When it comes to art and creativity, Wilton Decorator Mark Malak doesn’t skimp on the details.
Since a young age, Malak has been involved with arts of every kind. He practiced a lot of baking and decorating while growing up because his mom took Wilton classes and made cakes for birthdays and holidays regularly. She taught Malak some of the basics and soon he started to practice and add his own twist.
His natural talent stretches beyond cake decorating to nearly every type of art medium. In high school, Malak took so many art classes that the teacher had to create some new studio courses just for him.
“I took every class the teacher offered: photography, leather, ceramics, drawing, painting with acrylics, oils and water colors,” he said. “I had a permanent pass to access the art room at any time, so I would leave study hall and sometimes even regular classes to go to the art room.”
Getting into the food world
Malak knew he had a passion for art, but he also didn’t like the idea of being a so-called “starving artist”, so he decided to focus on the food side and attended culinary school. He entertained the idea of working on a cruise ship to create elaborate food displays, but once he spoke with someone who actually worked on a cruise ship he learned the expectation would not live up to the reality.
After culinary school, Malak attended a food show at a Chicago convention center and discovered new styles of cake decorating.
“I saw all these really cool ways to decorate cakes that I never even knew existed, because culinary school was more focused on the baking aspect and not so much decorating,” he said. “After that show, I decided I would try to get into decorating.”
Malak found out about the Wilton School of Cake Decorating and signed up for as many classes as possible. Prior to starting those classes, he took Wilton courses 1, 2 and 3 simultaneously to build up a base of knowledge and prepare for the classes at the Wilton School.
“The instructor for those courses told me I wasn’t supposed to take all of them at the same time – they were supposed to build upon each other – but I did all three and I did very well,” he said.
Flowers and banquets
After completing all of the Wilton courses and numerous classes at the school, Malak stayed very busy as a freelancer for both cake decorating and floral arrangements.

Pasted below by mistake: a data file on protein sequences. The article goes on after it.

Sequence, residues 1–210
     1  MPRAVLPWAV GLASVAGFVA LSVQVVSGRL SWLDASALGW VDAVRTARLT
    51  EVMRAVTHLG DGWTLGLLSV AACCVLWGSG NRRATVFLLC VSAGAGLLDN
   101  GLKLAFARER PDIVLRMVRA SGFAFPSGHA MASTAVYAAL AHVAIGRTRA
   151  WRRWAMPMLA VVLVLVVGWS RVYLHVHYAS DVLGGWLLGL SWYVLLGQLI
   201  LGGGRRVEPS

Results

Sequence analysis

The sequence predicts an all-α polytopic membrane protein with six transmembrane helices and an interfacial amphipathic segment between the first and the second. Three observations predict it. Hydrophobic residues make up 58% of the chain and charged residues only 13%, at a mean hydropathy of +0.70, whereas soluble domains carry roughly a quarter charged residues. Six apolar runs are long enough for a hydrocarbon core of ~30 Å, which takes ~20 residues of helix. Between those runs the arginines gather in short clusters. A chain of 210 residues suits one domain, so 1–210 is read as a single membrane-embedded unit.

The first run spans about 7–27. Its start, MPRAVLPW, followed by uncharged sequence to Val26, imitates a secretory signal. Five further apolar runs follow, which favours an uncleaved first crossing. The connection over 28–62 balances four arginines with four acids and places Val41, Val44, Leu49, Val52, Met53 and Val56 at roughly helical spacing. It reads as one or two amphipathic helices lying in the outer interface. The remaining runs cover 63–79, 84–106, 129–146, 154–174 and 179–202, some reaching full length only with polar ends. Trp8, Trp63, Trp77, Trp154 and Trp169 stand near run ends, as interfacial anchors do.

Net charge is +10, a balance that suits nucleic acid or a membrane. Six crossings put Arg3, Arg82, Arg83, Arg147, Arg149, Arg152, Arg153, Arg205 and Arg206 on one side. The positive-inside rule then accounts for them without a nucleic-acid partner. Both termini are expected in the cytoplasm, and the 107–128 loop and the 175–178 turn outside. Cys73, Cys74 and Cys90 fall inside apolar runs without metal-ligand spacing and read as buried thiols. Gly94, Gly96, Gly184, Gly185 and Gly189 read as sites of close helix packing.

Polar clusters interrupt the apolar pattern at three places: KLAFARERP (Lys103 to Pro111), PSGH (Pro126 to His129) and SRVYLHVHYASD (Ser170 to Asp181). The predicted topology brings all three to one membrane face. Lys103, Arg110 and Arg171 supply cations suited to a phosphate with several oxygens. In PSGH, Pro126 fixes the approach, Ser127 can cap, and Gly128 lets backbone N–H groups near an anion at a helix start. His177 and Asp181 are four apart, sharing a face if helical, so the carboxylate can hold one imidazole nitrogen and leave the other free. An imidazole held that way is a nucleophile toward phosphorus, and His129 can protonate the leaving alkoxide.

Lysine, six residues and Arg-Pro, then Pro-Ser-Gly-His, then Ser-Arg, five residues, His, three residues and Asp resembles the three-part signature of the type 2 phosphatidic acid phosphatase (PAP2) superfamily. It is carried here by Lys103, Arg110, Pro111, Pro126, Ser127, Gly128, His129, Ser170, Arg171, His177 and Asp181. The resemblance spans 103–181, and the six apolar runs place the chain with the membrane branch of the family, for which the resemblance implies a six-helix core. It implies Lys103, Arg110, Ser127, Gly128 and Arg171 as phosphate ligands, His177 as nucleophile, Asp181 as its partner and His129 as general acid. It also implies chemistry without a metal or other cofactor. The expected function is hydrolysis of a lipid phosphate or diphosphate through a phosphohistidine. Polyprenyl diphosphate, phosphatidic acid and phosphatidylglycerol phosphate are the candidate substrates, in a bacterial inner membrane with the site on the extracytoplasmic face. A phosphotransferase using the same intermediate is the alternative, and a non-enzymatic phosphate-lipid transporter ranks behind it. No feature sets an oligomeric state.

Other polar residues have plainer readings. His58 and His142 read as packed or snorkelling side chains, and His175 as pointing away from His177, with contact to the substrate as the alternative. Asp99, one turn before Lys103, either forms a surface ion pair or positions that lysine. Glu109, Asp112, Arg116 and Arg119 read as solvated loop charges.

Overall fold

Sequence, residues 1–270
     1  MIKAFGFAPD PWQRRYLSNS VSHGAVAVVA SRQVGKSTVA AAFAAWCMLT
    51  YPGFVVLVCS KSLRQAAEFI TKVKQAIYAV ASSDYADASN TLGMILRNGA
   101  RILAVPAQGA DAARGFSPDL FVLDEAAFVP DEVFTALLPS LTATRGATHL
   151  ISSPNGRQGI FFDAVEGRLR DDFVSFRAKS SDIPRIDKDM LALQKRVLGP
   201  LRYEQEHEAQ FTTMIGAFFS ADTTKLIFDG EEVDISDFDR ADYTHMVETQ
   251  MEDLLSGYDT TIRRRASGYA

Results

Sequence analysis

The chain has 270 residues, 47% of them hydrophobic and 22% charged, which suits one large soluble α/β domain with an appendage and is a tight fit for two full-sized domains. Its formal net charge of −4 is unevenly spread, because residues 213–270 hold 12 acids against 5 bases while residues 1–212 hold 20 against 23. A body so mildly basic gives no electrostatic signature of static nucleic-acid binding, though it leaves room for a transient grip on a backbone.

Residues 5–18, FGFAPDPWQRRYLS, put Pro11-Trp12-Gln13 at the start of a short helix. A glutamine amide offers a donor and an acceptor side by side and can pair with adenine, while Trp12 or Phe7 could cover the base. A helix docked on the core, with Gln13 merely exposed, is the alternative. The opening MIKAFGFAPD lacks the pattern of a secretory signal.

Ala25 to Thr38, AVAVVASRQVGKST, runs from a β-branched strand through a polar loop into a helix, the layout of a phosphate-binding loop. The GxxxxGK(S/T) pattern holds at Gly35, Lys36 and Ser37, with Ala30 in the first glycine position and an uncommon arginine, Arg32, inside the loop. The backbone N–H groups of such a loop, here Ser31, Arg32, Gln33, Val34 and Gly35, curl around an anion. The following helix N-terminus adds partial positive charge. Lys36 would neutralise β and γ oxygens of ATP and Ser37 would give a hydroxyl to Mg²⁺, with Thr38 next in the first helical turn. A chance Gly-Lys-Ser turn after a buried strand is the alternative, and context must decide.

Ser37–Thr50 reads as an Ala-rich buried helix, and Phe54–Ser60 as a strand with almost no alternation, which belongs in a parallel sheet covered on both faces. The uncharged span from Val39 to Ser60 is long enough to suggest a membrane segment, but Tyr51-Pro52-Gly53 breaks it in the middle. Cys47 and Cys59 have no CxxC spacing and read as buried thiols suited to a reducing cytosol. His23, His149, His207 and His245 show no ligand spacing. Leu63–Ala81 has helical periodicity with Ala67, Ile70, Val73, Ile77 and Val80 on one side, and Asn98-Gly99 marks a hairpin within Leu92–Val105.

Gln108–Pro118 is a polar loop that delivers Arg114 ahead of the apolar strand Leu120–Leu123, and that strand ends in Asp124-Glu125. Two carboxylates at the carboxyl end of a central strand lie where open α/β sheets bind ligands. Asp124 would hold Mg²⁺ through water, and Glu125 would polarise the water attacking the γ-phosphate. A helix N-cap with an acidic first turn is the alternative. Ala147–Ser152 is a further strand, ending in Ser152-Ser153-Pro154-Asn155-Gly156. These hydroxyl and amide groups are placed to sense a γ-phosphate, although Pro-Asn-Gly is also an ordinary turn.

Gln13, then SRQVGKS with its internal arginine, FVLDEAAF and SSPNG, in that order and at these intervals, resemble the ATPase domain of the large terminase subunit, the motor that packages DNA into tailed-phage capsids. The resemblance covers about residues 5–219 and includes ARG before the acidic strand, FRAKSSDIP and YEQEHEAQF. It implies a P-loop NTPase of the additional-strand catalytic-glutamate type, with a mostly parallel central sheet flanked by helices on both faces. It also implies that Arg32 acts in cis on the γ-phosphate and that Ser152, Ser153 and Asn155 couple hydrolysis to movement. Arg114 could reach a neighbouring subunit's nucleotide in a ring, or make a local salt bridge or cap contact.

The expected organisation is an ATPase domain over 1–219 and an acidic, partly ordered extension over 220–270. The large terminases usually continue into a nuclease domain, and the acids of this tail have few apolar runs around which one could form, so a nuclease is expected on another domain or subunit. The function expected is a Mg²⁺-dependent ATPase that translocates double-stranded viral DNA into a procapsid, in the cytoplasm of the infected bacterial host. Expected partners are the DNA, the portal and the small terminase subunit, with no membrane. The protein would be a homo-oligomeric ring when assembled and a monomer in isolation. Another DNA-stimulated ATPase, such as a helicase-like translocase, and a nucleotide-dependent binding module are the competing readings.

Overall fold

“I worked banquets and at the end of the night there would be so many flowers left behind,” he said. “I would literally take them all home and sometimes have a bathtub full of flowers. I would then rearrange them into bigger, nicer arrangements, so I really had a lot of practice.”
Malak created wedding cakes and floral arrangements almost around the clock, sometimes completing three to four wedding cakes every weekend. Any time he wasn’t working on cakes, he was working on floral arrangements for funerals or for weddings. Sometimes he combined the two into extravagant displays for wedding receptions.
To this day, Malak still does flower arrangements and also does a lot of landscaping around his own home.
“I’m almost obsessed, my yard is completely buried in flowers and planters and I’ll spend hundreds on palm trees,” he said. “I start over with them every spring.”
Working at Wilton
When it comes to cake decorating, Malak enjoys all mediums – buttercream, royal icing, fondant, gum paste – much like he enjoys all forms of art.
“I really like the detailed stuff that no one else in their right mind would want to do,” he said. “I really go after the ‘work of art’ aspect and not necessarily the ‘I’m going to go home and make that’ aspect.”
Two of his most memorable cake projects include a replica of a 1957 Chevy that was decorated entirely in fondant. The cake order was for 1,000 guests, so Malak sculpted the car portion out of Styrofoam and covered it in fondant and surrounded the car with 1950’s style records, which were made of real cake.
Malak also made a replica of his church, SS. Cyril & Methodius in Lemont, Illinois, for two major anniversaries. While he was still in culinary school, he made the cake for the church’s 100th anniversary despite having no formal decorating training. 25 years later, the church reached out to him again for a cake for their 125th anniversary celebration.
Mary Gavenda, Senior Decorator at Wilton, assisted Malak with making the cake. They used photos of all the stained glass windows in the church and printed them on edible paper to make the cake look as much like the church as possible.
Malak doesn’t plan on slowing down any time soon. He continues to take orders for floral arrangements, decorates people’s homes at Christmas and takes custom dessert orders.
“I’m always busy, I’m wide awake all the time with new ideas in my head and always adding to my to-do list,” he said. “I don’t know how to teach someone else what I do and I don’t know how to explain it – it really is a gift.”
All of the incredible cakes and sweet treats you see from Wilton come from our amazing decorating team! The Wilton Decorating Room creates about 2,600 decorating projects each year. These projects are used for photography for packaging, Wilton publications, Wilton.com, social media, in-store signage, Wilton course photography and more. Check back each Tuesday to learn more about one of Wilton’s decorators and what it’s like to create and decorate cakes and sweet treats every day. This is post 3 of 7.